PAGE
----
Josephine Kairu is a smallholder farmer in Nakuru County in the Rift Valley of Kenya who makes her living from farming and selling milk from her cows. As a widow and the head of her household, she’s responsible for tending to her cows, sheep, and chicken, in addition to managing her family’s daily tasks. In places like rural Kenya, women and girls spend up to 18 hours a week gathering firewood for preparing food and heating water for their families. Reliable and affordable cooking fuel can be challenging to come by. “It is hard to get charcoal, and when you are lucky to find charcoal, the quality is bad,” says Josephine.
But technology is offering a cost and time-saving solution for farmers like Josephine and their families. Biodigesters are systems that break down organic farm animal waste and convert it into biogas and other outputs like fertilizer. They take a resource that’s widely available to dairy and pig farmers – manure – and turn it into an energy source for household and farm energy needs. On top of being a more sustainable and affordable source of energy, biodigesters reduce the amount of time that people, especially women and girls, must spend gathering firewood because they can instead use biogas for their cooking fuel. “When you have biogas, you save a lot. You don’t have to use firewood, charcoal, or petroleum gas, and it minimizes electricity expenses. Secondly, after providing heat, it also provides fertilizer and chicken feed,” says Kelvin Sang, senior sales agent at Sistema.bio, a company that manufactures and distributes biodigesters.
Last year, Accion’s Global Advisory Solutions team began working with Sistema.bio to pilot a biodigester rollout in Nakuru County in Kenya. Through this partnership, an initiative funded by Financial Sector Deepening (FSD) Kenya, we sought to understand why smallholder farmers haven’t widely adopted biodigesters and discover ways to address the obstacles holding them back from installing them on their farms.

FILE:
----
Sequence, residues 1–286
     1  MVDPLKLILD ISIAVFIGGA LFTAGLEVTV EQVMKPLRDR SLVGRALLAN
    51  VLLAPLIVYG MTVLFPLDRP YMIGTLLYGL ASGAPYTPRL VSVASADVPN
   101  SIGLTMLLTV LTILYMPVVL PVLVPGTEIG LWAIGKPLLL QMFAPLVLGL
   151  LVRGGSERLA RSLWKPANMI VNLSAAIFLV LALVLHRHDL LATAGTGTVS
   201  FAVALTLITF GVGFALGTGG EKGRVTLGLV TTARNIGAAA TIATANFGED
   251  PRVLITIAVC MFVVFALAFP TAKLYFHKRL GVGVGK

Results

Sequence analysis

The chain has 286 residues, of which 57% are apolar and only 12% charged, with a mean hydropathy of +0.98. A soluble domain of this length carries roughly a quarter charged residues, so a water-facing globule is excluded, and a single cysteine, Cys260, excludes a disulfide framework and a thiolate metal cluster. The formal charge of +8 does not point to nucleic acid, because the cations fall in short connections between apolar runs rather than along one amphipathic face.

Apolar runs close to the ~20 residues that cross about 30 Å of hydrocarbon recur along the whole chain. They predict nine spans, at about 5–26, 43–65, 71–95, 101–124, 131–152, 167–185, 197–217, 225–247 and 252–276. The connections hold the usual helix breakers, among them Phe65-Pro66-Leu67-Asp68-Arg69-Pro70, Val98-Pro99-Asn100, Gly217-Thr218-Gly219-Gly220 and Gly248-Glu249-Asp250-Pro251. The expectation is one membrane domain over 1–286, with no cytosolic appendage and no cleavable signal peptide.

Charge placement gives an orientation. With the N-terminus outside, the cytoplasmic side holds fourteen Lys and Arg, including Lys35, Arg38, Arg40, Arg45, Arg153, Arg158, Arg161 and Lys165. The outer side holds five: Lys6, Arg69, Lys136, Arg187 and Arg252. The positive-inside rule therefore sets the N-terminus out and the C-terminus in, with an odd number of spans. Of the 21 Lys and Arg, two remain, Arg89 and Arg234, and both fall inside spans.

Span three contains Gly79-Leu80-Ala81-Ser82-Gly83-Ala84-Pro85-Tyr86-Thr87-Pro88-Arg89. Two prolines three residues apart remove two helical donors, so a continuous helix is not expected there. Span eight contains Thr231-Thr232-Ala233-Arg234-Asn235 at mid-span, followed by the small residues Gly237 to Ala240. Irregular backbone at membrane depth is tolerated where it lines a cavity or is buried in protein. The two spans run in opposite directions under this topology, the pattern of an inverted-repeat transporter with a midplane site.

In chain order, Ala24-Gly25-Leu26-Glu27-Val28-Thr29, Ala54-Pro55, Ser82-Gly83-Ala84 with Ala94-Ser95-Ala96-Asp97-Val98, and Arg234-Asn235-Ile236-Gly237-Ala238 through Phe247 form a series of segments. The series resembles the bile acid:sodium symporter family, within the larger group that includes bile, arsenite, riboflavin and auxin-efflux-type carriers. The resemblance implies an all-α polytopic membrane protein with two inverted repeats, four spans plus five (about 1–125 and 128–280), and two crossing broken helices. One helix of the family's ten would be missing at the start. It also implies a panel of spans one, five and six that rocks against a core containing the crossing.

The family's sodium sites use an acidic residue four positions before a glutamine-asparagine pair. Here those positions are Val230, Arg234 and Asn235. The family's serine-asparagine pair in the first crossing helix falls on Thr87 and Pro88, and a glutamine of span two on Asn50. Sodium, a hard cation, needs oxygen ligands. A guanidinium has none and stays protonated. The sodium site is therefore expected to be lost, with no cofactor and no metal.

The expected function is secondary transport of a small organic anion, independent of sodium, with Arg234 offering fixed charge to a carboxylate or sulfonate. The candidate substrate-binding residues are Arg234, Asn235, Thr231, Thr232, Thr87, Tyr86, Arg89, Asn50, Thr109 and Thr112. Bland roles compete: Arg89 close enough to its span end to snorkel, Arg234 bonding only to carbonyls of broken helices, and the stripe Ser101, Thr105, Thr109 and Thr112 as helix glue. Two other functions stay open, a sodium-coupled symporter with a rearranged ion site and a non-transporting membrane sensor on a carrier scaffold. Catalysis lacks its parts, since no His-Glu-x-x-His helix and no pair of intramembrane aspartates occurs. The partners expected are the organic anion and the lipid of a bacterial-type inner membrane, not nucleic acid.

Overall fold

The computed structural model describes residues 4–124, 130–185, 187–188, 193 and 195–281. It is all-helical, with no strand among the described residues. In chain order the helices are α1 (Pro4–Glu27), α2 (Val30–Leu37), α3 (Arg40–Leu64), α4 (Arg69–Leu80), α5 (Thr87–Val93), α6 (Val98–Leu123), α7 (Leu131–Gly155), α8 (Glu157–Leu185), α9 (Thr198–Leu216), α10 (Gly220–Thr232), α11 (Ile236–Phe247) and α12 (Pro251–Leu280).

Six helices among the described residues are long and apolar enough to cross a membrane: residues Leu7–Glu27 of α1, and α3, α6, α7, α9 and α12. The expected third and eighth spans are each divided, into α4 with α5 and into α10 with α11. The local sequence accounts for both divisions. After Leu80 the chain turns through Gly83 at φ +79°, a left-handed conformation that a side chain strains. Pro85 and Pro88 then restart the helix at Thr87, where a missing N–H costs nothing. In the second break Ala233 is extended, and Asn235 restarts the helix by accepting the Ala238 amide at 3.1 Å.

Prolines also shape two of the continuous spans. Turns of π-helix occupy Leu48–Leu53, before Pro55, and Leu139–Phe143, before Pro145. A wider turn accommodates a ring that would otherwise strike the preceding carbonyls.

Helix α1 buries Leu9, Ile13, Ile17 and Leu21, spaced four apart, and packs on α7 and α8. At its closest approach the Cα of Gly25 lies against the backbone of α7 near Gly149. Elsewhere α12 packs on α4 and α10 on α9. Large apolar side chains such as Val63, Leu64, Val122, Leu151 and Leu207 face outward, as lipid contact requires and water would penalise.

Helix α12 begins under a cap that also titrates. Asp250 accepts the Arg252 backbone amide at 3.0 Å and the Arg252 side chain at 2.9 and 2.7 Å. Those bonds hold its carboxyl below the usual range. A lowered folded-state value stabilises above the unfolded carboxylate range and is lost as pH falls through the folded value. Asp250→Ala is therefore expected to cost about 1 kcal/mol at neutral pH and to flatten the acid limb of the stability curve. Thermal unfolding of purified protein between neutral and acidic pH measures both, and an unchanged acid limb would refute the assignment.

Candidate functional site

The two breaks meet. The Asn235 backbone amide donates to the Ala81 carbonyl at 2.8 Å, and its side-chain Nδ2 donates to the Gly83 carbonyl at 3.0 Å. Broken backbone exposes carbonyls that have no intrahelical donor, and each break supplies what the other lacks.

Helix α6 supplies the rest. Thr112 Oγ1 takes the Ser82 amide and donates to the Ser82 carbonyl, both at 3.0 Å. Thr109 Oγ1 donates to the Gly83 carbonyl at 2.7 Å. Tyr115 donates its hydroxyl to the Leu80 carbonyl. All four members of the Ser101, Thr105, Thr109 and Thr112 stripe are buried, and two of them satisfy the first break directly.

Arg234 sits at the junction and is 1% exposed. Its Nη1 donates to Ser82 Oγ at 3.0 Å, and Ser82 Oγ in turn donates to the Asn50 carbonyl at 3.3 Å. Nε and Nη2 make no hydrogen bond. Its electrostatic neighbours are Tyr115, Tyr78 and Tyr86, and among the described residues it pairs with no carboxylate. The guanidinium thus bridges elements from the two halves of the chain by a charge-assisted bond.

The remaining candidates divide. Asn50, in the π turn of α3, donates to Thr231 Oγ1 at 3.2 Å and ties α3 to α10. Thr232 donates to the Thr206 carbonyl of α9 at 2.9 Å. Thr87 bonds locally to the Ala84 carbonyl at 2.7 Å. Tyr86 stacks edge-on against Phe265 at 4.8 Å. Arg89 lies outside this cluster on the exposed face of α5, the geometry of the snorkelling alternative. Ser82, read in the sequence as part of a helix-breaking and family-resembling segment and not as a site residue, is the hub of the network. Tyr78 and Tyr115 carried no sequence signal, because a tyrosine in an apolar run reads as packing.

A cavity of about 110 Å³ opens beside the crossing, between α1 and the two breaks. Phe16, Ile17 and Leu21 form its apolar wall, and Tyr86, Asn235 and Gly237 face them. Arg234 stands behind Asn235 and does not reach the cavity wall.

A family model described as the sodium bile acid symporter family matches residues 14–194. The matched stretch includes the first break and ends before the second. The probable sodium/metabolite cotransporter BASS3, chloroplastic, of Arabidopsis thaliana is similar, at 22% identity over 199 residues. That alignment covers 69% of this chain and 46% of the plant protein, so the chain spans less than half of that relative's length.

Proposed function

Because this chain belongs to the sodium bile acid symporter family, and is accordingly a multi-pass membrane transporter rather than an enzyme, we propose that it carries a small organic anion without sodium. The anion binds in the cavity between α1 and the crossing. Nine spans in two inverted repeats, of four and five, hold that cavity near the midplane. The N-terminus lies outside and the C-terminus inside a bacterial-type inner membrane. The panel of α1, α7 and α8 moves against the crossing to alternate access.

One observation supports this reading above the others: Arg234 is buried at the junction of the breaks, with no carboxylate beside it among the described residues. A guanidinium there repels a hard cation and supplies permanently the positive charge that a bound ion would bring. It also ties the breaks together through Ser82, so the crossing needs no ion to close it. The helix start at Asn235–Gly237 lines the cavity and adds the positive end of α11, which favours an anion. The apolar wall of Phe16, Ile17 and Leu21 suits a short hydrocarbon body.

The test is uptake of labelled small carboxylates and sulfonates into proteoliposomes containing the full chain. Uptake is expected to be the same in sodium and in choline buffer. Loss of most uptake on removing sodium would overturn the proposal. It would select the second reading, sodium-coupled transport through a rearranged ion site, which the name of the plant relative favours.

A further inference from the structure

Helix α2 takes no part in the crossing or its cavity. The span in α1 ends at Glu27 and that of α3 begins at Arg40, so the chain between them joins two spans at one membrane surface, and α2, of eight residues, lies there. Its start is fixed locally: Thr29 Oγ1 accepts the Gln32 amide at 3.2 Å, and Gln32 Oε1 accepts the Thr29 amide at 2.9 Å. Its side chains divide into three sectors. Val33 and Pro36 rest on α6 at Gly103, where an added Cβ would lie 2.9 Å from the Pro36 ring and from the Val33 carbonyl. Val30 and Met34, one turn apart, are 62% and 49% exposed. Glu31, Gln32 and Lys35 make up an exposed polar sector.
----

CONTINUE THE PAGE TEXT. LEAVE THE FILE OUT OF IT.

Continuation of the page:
One of the major barriers to the adoption of biodigesters is the cost of installation. Biodigesters can be expensive, putting them out of reach for many Kenyan farmers. Typically, equipment manufacturers such as Sistema.bio also offer financing options. To expand the pool of funding available to farmers, we explored partnerships with various types of financial institutions, including a fintech, a commercial bank, a microfinance institution, and a Saving and Credit Cooperative, to offer other avenues for extending financial support to farmers so that they can install biodigesters on their farms. With Accion’s support, Sistema.bio is now making these life-changing biodigesters accessible to farmers through customized, flexible loans from their own books, and with financial partners like Fortune SACCO.
Now that Emily Koech, a farmer and Sistema.bio customer, has been able to install a biodigester on her farm, she’s seeing her investment pay off. “It has helped me reduce the cost of living, and with the money I save, I pay school fees [for my children] and I buy basic needs that are needed in the house. It has helped me a lot,” she says.
As climate change presents mounting challenges, the need for climate-smart technology and renewable energy sources is becoming increasingly urgent. From our field research in the region, we learned that smallholder farmers recognize the adverse impact of climate change and are willing to adopt climate-smart solutions to protect their farms, but they need solutions that also help them to reduce costs and earn more income for their families. Some farmers are skeptical of new technologies, especially those they perceive as complicated, like biodigesters. Live demonstrations and testimonials from trusted sources, like relatives, other farmers, and local cooperatives, are effective ways to educate farmers about how climate-smart practices can benefit their farms and families.
By bringing renewable and cost-saving energy solutions to farmers in Kenya, we’re helping people strengthen their farms and improve their lives. See how biodigesters have made a difference in the lives of three smallholder farmers in rural Kenya: